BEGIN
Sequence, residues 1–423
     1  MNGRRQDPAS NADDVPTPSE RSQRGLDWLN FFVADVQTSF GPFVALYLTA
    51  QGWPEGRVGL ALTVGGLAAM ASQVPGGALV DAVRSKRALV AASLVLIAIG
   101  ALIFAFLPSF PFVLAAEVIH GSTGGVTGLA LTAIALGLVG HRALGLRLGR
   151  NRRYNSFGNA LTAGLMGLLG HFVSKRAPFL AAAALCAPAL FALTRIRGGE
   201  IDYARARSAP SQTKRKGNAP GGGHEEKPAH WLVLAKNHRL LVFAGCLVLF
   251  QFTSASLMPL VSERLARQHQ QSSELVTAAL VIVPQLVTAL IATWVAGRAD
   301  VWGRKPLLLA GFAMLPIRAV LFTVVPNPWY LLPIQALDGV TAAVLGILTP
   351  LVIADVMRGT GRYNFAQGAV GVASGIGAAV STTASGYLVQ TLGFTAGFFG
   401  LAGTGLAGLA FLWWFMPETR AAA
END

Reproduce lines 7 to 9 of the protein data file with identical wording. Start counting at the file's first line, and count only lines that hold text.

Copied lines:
   251  QFTSASLMPL VSERLARQHQ QSSELVTAAL VIVPQLVTAL IATWVAGRAD
   301  VWGRKPLLLA GFAMLPIRAV LFTVVPNPWY LLPIQALDGV TAAVLGILTP
   351  LVIADVMRGT GRYNFAQGAV GVASGIGAAV STTASGYLVQ TLGFTAGFFG